Mieu Mon – Vietnam 2014-12-17 Lat 20.828134° Long 105.647598°
Hanoi – Vietnam 2014-12-23 Lat 21.038988° Long 105.890052°
Hai Phong – Vietnam 2014-12-30 Lat 20.804957° Long 106.607445°
Bai Thuong – Vietnam 2014-12-30 Lat 19.902632° Long 105.467691°
Nanjing – China 2014-12-29 Lat 31.971838° Long 118.840109°
Namelala – Mozambique 2014-12-29 Lat -14.473656° Long 40.650851°
East of Makurdi – Nigeria 2014-12-31 Lat 7.689083° Long 8.677589°
Ibadan – Nigeria 2014-12-28 Lat 7.359290° Long 3.973806°
Accra – Ghana 2014-12-29 Lat 5.601988° Long -0.169390°
From GEB reader MapMaker:
Some areas in Ukrane
Since September last year we have been keeping track of 3D imagery released by Google, with the help of our readers who spot the imagery and then let us know in the comments of this post. A big thank you to all the GEB readers that have been contributing.
Google Earth does not show imagery dates for 3D imagery. However, it is usually fairly easy to match up 3D imagery with historical imagery in Google Earth to find out what date it was captured. Sometimes the exact same image can be found in historical imagery, but not always. My usual technique for identifying the date is to find a construction site, as they tend to display large scale visible changes over time, and then find the closest matching image in historical imagery. Sometimes there is an exact match, with vehicles and shadows in the exact same place, sometimes there is no equivalent historical imagery and you can only estimate when the 3D imagery was taken. Also keep in mind that the date Google Earth displays for aerial imagery is not guaranteed to be exact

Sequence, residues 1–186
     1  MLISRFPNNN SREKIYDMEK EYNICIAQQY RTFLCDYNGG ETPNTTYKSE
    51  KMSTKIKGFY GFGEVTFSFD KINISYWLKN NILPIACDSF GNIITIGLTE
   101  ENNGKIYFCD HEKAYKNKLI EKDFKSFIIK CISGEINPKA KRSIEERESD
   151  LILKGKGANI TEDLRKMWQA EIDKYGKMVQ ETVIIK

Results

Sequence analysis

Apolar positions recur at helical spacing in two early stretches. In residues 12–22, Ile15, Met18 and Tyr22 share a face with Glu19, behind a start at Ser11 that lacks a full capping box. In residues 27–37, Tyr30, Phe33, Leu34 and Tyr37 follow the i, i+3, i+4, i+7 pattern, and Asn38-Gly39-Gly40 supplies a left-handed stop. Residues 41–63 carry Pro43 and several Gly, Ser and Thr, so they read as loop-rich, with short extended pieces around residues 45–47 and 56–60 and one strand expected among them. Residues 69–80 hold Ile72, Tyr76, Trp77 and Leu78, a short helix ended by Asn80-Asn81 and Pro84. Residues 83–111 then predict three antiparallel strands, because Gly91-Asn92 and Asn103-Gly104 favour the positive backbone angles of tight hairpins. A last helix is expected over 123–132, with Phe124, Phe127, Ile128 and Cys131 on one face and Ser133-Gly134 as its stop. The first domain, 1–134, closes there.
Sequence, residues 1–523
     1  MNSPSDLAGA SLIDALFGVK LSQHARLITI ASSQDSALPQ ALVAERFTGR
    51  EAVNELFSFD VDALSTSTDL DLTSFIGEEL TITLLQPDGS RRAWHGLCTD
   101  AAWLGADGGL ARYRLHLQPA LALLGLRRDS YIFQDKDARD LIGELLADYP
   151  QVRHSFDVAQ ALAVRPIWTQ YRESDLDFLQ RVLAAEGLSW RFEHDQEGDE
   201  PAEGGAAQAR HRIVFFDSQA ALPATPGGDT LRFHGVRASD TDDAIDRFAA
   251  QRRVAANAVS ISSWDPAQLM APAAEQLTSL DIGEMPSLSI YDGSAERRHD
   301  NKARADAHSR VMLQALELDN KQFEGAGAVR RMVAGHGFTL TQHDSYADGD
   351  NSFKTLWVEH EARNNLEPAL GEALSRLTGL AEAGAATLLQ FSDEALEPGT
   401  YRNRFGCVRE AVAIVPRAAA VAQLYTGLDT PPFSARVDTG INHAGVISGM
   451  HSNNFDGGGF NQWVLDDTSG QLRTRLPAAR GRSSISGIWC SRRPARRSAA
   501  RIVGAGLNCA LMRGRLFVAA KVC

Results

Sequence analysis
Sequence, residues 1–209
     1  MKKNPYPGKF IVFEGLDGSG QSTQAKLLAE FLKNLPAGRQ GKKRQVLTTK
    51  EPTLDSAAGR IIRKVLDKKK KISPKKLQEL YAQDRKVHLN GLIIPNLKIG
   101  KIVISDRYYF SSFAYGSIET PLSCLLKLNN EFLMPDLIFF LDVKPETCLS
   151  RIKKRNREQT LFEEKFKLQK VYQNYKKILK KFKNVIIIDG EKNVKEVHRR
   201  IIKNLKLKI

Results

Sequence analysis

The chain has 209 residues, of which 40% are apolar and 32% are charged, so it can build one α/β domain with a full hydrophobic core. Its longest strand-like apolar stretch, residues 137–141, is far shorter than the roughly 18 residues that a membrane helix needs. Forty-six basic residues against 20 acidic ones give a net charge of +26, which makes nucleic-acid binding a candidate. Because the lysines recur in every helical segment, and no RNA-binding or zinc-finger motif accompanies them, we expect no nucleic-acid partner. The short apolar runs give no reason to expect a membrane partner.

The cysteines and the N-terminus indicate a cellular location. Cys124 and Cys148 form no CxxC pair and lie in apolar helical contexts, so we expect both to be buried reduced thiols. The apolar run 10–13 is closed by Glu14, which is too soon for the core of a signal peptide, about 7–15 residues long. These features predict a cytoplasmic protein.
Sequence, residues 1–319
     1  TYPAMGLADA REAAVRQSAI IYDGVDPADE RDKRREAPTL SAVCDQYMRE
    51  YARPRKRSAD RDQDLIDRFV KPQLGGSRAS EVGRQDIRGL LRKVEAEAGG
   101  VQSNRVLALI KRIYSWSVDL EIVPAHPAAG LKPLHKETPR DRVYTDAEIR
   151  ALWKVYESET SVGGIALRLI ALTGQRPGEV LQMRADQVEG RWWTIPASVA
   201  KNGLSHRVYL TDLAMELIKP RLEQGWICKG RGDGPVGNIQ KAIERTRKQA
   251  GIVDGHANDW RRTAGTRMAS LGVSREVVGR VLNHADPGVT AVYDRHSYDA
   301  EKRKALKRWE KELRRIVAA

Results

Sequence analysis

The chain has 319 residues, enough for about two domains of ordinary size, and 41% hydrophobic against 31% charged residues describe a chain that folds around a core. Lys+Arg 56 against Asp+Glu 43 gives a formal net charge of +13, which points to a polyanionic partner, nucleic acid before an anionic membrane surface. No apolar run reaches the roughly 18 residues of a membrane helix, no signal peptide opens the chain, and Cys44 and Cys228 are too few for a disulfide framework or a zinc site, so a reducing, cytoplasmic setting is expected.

What we have found, for the locations we have looked at, is that Google often takes a year or more between capturing the imagery and releasing it as 3D. In some locations, Google has clearly put a lot of effort into touching up the 3D manually, especially when it comes to bridges, certain historic buildings, some intricate structures and, we believe, even some aeroplanes. However, some of the recent releases have taken a year or two to release, but have no obvious structures that were given special attention. So, we really don’t know what takes so long to process.